Strolling around in Amsterdam along the beautiful canals this winter is one thing, getting lost on purpose another, and finding your way back to your Amsterdam Apartment abode can turn out to be yet another thing altogether…
Asking the locals works most of the time but what do you do when you’ve been out clubbing and are certain your Amsterdam Apartment abode is only paces away yet can’t seem to retrace those very steps?
Getting lost in Amsterdam is part of the tourist experience. The canals with their oh so quaint houses could all look the same at some point. Plus they bend in all directions so you’re never really sure even when you’re not lost. But there are a couple of tricks you can use to navigate your way around in the centre of town. They are simple and if you master them, you will not need to rely on a map ever again.
The horse shoe
First off, picture the layout of Amsterdam. You will know that the city centre is wrapped around the famous horse shoe shaped canals. Remember this.
Alphabetic street names
Second, a little bit about the names of the three main canal lining streets. These names will be your main navigational aid; They all end in ‘gracht’, which translates into English as ‘canal’ (wholly unsatisfying to a Dutch person, but there’s no better word). I do not suggest you learn the full names off by heart if you only stay in Amsterdam for a short while, but that you merely remember that they are sequenced in alphabetical order from inner ring (nearest the central station) to outer ring.The name of the innermost street is Herengracht, the middle one is Keizersgracht and the furthest one out is Prinsengracht. HKP, an alphabetical ordering, see? Remember that when you are lost along one of the three streets (which look virtually identical so it ain’t your fault) and have no idea whether you’re headed toward the centre of town or further out.
There is another clever trick you can use to see if you are headed eastwards or westwards in the horseshoe; the very first part of the canal system to be built was the the western part. That means that if you’re strolling along Herengracht, Keizersgracht or Prinsengracht, you simply have to take note of the house numbers to know in which direction you’re headed; lower numbers are westwards and higher numbers are eastwards.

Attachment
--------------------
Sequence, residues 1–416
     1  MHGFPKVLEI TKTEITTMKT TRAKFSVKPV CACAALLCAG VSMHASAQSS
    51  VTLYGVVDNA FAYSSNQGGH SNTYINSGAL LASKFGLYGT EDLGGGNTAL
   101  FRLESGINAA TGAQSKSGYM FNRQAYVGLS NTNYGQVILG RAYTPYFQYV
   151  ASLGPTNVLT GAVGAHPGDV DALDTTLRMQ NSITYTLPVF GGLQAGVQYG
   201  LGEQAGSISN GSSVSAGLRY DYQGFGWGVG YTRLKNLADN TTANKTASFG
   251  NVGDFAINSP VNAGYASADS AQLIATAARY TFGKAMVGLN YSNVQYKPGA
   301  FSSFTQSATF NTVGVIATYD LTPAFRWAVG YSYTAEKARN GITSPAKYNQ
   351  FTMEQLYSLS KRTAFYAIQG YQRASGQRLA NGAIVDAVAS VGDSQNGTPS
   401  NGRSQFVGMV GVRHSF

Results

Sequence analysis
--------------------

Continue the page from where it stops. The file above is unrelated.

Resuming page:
Another part of the Amsterdam geo puzzle is the Central Station. It happens to be located slap bang in the middle of the protruding ends of the horse shoe. So if you are at 55 Herengracht and need to get back to the Central Station, you can expect it to be on your right if you are heading for ascending house numbers. And if you are at 455 Herengracht, you are obviously east of town, with the station on your left if you are walking westwards.
Four main squares
That’s pretty foolproof already, but to become even better versed in the Amsterdam street network, make sure you learn the locations of the main squares Dam (in front of the Central Station), Leidseplein, Rembrandtplein and Waterlooplein. Get to know how to get to these locations and you will be able to find your way easily by asking where something is in relation to them. I assume you already know that the Central Station is really the northernmost landmark in the city. Another general pointer is that street names in Amsterdam often change when you’ve crossed water.
Door to door app
In case you really are pressed for time and can’t try out your newfound roaming skills, download the door to door public transport app 9292. It’s recently been made available in English here. Punch in an address or postal code and the app will calculate walking distance, time spent on bus/train/tram/metro/ferry and guide you step by step.